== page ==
The Weekender: a Burger bot, a birthday, family planning and quizzing commenters

What is this? ‘The Weekender’ is a weekly round-up to spotlight what you might have missed on BirdDog and why a few headlines from elsewhere matter for Tennessee.

From BirdDog

The TennCare work requirement bill isn’t just about work — it spotlights how lawmakers are bolstering the dependence on jobs for health care access
Dr. Tony Iton: ‘What’s in the way of the American dream right now?’

From elsewhere

1. States Extend Medicaid For Birth Control, Cutting Costs — And Future Enrollment

Phil Galewitz and Anna Gorman, Kaiser Health News

Why this is interesting: Texas is angling for federal approval on a family planning program that offers birth control as part of its Medicaid program in order to reduce costs in the future through contraception.

As Kaiser reports, about half of the U.S. states have family planning programs, some with evidence of cost savings. While Tennessee does not have such a program, its neighbors to the east and south do.

Mississippi received a 10-year extension for its program from the Trump administration. It’s also a non-expansion state that is trying to get a work requirement approved by federal officials.

The Tennessee legislature is pushing for TennCare to negotiate a work requirement despite concerns over cost and a lack of guidance on whether a plan in a non-expansion state would get federal approval.

TennCare update: Joel Ebert reports on a delay in the state Senate.

2. How a Norwegian comment section turned chaos into order—with a simple quiz

Sam Machkovech, ArsTechnica

Why this is interesting: If you’ve ever read the comments section on any article, then this approach should make sense.

Excerpt: ”It was a basic idea,” NRKbeta developer Ståle Grut told a South By Southwest crowd on Tuesday. “Readers had to prove they read a story before they were able to comment on it.

The NiemanLab dug into early results of the quiz, which indicated people were using it to test their comprehension of the article rather than the key to commenting: “On average, there is a lot more attempts — both correct and wrong — than actual comments.”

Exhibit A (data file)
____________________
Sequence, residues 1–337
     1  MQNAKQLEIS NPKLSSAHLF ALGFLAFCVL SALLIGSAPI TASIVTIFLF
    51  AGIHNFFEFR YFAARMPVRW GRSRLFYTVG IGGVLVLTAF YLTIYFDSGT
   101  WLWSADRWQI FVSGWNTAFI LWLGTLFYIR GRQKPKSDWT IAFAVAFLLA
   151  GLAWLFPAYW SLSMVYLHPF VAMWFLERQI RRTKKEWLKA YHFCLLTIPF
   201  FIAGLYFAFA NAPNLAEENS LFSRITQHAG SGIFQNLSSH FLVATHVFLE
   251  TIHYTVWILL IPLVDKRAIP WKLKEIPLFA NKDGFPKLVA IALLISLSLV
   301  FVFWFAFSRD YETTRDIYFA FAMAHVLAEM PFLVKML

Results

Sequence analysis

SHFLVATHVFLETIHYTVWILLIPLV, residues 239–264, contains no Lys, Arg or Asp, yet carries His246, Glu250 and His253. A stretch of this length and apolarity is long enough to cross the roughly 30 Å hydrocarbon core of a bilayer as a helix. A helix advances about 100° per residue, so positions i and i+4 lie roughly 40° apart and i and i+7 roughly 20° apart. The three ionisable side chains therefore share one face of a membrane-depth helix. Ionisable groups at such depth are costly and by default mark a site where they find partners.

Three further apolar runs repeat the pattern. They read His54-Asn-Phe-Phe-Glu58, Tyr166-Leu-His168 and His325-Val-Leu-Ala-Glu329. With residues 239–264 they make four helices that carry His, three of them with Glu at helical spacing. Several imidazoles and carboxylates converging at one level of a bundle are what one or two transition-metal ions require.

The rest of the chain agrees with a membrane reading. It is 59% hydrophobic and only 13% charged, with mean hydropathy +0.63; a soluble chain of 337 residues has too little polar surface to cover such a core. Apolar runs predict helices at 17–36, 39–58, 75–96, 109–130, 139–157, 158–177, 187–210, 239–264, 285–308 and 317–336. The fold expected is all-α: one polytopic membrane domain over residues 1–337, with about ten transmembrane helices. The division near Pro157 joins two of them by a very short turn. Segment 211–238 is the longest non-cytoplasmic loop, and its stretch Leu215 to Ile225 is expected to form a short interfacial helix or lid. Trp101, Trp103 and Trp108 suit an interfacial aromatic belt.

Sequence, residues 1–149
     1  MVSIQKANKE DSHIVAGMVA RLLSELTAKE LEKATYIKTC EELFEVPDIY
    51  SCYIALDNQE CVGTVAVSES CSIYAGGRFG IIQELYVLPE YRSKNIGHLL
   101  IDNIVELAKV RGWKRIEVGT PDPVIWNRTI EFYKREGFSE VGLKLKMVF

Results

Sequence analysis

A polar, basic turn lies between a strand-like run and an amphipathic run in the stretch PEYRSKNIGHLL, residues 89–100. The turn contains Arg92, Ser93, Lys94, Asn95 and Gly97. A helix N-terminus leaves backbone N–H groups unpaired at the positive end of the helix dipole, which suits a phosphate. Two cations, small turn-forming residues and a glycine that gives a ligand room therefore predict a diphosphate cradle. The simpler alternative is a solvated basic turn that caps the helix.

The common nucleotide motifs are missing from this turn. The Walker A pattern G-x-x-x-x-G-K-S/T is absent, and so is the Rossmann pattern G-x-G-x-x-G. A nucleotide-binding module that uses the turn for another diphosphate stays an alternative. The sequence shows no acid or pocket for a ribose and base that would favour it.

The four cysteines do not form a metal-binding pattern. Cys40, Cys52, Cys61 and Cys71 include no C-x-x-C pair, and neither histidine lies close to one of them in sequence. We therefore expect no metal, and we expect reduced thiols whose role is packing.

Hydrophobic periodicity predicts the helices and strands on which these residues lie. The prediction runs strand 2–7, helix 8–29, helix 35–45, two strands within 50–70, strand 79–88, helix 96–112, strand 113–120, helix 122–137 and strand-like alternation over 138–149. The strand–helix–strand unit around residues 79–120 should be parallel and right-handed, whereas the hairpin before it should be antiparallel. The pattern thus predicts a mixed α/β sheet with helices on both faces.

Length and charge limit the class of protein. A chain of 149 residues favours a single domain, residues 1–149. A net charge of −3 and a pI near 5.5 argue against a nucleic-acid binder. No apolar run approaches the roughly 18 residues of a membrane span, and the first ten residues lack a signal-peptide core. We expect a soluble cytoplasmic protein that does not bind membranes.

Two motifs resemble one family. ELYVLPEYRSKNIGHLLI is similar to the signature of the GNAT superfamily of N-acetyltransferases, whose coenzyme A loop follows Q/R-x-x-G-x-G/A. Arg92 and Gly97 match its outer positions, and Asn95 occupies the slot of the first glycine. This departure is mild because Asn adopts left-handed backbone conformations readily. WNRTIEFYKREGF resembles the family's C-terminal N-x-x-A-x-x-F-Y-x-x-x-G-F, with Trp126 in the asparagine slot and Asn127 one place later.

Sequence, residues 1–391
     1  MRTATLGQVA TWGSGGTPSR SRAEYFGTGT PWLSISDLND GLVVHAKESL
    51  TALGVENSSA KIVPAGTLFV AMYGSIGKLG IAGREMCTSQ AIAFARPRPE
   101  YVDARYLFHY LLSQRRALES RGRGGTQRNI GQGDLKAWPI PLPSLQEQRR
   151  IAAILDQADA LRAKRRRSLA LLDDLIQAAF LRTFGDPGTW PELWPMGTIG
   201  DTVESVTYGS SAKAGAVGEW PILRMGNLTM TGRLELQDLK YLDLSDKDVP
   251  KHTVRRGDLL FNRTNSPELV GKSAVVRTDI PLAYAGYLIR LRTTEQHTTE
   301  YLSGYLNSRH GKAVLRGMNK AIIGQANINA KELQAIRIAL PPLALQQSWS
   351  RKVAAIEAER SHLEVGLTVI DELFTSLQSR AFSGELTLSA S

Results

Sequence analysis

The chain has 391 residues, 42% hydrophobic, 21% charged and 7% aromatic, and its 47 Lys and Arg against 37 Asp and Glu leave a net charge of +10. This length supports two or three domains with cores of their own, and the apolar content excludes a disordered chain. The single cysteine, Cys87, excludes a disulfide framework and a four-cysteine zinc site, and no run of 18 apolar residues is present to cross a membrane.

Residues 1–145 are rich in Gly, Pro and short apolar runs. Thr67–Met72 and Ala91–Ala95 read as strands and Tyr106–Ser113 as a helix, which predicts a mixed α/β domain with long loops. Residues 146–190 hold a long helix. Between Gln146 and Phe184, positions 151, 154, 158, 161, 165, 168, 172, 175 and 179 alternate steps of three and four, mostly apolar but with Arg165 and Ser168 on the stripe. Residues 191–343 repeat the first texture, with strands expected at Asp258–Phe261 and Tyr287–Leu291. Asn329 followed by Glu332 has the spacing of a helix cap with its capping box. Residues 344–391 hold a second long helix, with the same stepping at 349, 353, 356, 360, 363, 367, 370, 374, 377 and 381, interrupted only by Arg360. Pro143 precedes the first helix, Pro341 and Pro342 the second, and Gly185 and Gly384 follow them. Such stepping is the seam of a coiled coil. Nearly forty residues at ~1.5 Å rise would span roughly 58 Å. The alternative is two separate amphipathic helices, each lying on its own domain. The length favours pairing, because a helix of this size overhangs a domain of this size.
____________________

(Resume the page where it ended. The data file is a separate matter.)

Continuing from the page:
3. Indy Q+A: Former U.S. Health and Human Services secretary (Kathleen Sebelius) talks past, present, future of Obamacare

Megan Messerly, The Nevada Independent

Why this is worth a read: The Affordable Care Act, which turned 8 on March 23, is still subject to partisan debate although millions of Americans and more than 230,000 Tennesseans use it to buy health insurance.

The Q&A with Kathleen Sebelius touches upon association plans (Tennessee’s Farm Bureau Health Plans made national headlines for this) and super nerdy, but important topics, including reinsurance and cost-sharing reductions.

The individual insurance market is nearing the season when insurers have to declare whether they intend to sell health insurance. That process precedes filings by insurers requesting premiums for 2019. Senators Lamar Alexander, R-Tenn., and Susan Collins, R-Maine, are trying to gather support for some reforms to “stabilize individual market premiums.”

Tennessee is one of nearly two dozen Republican-led states suing the federal government to overturn the ACA.

For more: Read Blake Farmer’s primer on the lawsuit.

Bonus!: The Nevada Independent, started in 2017, is a non-profit, non-partisan news organization. I met Megan Messerly, who wrote this story, in D.C. as Kaiser  Foundation media fellows. Check her out: @meganmesserly.

4. ‘Flippy,’ the fast food robot, temporarily decommissioned for being too slow

Peter Holley and Marwa Eltagouri, The Washington Post

Why this is worth a read: Beyond the novelty of a patty-flipping bot — which generated so much hype that ‘Flippy’ had to be temporarily benched because it couldn’t keep up with demand — the presence of robots and automation in the workplace is only going to increase.

The Tennessee Department of Economic & Community Development estimated half of the jobs in the state in 2015, or 1.4 million, were at risk of automation.

I’m fascinated by this phenomenon and potential disruption so expect to see more about the impact on education, training and the workforce.

Other reading: Most Millennials Think The U.S. Should Take Care Of People Who Lost Jobs To Automation

%d bloggers like this: